Learn Lishmah means learning just for the sake of learning, so we can gain a deeper appreciation of this incredible tradition, so we can connect to that tradition and the source of that tradition – God. This winter we are running a series on the Talmud, suitable for those both with and without previous experience. We need members who believe that study is a life-long journey and understanding is a worthy goal.


Sponsor a Kiddush – OK, this one does involve money. We have great Kiddushim at New London. They are the heart of our ability to come together as a community over Shabbat. We would love to encourage people to sponsor a Kiddush for a reason – a birthday perhaps – or even for no reason at all – just because, for the other weeks of the year you know someone else is providing the food and you believe a good nosh after Shabbat services is a huge part of what it means to be a Jew.


Kids – It’s been fabulous to see children becoming so much more prominent in the Shul. Children’s services, Cheder, Babes in the Wood and Noam are all thriving and growing, but we aren’t joined up in our approach and we still have a long way to go. We need parental support, particularly with the Cheder, we want to establish a PTA and we need a committee who can ensure that are doing everything we can to inspire, educate and develop the next generation of New Londoners. We need members to inspire and drive forward an agenda for Youth in our community.


Office Support – is about two things. At present a small number of lay members come in on a Sunday morning and staff the office. It’s not complicated work. It involves taking messages when the phone rings and buzzing Cheder Families in and out the building. If you can offer a Sunday morning even every couple of months, that would be great. There are also weekday occasions, about once every couple of months, when we need packers and envelope stuffers, particularly to send out Newsletters. We need people to help the office stay open and focussed on the increasingly busy calendar.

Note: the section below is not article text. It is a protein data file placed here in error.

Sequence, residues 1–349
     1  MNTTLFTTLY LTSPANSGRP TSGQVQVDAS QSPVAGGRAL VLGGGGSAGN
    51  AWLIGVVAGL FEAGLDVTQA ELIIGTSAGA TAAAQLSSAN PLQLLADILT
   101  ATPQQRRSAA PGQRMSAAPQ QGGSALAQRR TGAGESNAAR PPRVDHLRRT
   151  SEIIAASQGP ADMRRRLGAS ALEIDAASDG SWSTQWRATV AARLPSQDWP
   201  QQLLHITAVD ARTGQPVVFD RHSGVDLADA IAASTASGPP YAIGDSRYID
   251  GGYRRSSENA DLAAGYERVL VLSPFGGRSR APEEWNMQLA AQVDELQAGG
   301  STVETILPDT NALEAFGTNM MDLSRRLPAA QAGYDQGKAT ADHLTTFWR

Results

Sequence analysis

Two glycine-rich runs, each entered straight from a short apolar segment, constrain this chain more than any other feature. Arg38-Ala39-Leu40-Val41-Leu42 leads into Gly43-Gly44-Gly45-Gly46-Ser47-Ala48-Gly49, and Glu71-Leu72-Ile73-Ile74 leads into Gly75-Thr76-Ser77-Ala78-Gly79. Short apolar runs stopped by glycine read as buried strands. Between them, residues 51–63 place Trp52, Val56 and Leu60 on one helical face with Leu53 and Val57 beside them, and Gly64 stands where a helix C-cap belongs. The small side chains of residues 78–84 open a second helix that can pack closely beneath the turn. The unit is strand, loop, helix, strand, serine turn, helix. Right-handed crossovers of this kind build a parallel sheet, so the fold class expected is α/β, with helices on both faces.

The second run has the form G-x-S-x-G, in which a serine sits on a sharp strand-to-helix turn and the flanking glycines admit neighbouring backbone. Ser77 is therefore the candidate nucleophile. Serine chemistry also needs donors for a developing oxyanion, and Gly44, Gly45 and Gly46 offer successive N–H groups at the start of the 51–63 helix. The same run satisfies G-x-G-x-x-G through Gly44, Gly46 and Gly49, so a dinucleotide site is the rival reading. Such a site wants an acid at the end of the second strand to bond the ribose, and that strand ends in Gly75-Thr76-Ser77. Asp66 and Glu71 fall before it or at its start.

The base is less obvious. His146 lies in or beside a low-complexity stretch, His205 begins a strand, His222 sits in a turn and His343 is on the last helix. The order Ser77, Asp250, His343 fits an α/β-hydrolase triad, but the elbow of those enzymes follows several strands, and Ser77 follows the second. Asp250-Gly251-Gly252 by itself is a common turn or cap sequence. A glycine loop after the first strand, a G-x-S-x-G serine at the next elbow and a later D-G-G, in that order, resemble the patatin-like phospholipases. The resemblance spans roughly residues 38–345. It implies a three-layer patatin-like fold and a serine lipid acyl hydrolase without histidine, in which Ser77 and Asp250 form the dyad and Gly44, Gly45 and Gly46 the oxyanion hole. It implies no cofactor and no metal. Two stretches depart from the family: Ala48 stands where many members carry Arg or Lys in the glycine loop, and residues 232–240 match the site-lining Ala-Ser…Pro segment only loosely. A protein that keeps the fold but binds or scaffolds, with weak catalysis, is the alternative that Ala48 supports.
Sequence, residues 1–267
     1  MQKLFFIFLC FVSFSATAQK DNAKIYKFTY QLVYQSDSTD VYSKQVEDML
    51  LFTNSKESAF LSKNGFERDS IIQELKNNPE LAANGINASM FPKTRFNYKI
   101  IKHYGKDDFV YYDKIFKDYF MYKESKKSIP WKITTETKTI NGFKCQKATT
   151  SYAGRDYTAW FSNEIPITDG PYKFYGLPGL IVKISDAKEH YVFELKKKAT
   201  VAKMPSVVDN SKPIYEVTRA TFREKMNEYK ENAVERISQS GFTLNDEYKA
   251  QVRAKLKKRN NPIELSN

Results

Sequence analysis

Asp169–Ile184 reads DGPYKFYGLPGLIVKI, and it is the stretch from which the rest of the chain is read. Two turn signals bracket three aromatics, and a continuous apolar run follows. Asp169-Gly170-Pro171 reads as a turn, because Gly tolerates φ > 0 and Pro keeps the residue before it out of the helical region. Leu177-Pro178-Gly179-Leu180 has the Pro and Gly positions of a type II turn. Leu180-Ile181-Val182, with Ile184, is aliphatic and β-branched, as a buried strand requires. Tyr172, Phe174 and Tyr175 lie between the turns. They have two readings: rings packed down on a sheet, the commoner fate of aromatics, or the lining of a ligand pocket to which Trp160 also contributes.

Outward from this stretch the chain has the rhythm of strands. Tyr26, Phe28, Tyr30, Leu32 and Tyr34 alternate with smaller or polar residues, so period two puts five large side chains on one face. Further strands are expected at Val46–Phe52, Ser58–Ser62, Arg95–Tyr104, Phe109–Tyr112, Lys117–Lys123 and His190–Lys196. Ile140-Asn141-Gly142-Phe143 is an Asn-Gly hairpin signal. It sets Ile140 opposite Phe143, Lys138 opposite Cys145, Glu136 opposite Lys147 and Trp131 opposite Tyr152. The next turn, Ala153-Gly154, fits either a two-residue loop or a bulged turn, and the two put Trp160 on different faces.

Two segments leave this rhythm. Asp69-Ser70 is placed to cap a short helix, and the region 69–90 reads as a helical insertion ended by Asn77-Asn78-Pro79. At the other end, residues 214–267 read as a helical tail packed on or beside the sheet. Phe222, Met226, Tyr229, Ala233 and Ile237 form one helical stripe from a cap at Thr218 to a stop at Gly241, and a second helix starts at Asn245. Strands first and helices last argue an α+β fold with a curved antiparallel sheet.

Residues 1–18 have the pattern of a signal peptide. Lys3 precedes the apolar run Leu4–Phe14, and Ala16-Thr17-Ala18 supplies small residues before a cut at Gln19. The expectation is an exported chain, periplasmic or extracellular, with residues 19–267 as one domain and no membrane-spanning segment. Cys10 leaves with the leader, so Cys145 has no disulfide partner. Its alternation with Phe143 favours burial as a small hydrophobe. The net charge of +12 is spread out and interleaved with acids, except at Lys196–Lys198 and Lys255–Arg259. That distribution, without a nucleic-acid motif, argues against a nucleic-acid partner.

A Minyanaire is someone we can count on – literally – to ensure we are quorate for our prayer services. Of course, by Musaf on a Shabbat morning numbers are terrific, but we need to know we can rely on a Minyan at 9:15 on a Shabbat morning, or a Sunday morning, or once a month for Rosh Chodesh at the most holy hour of 7:15 in the morning. If you would be able to say, ‘yes, you can count on me,’ once every three months on a weekend or mid-week, it would make a significant contribution to our strength as a prayer community.


Programming – We need to offer two kinds of programmes at New London. We need to run exciting flagship events, the sort of stuff that only a shul like ours, here, with our story and our outlook on Jewish life could ever do. And we need to run warm, fun events that make us all feel more a part of this big happy family. We need some sleeves rolled up organisers with spreadsheets and clipboards, good ideas and a bit of marketing nouse.


Justice – Those of you here on 2nd day Rosh Hashanah will know that I spoke about our engagement with the community around us, supporting those who have less, creating a fairer society Mipnei Darkhei Shalom – because that is how we get to live in a peaceful society. Involvement here means developing leadership skills and volunteering with London Citizens, being at the heart of what is the most exciting kind of people-driven politics in Britain.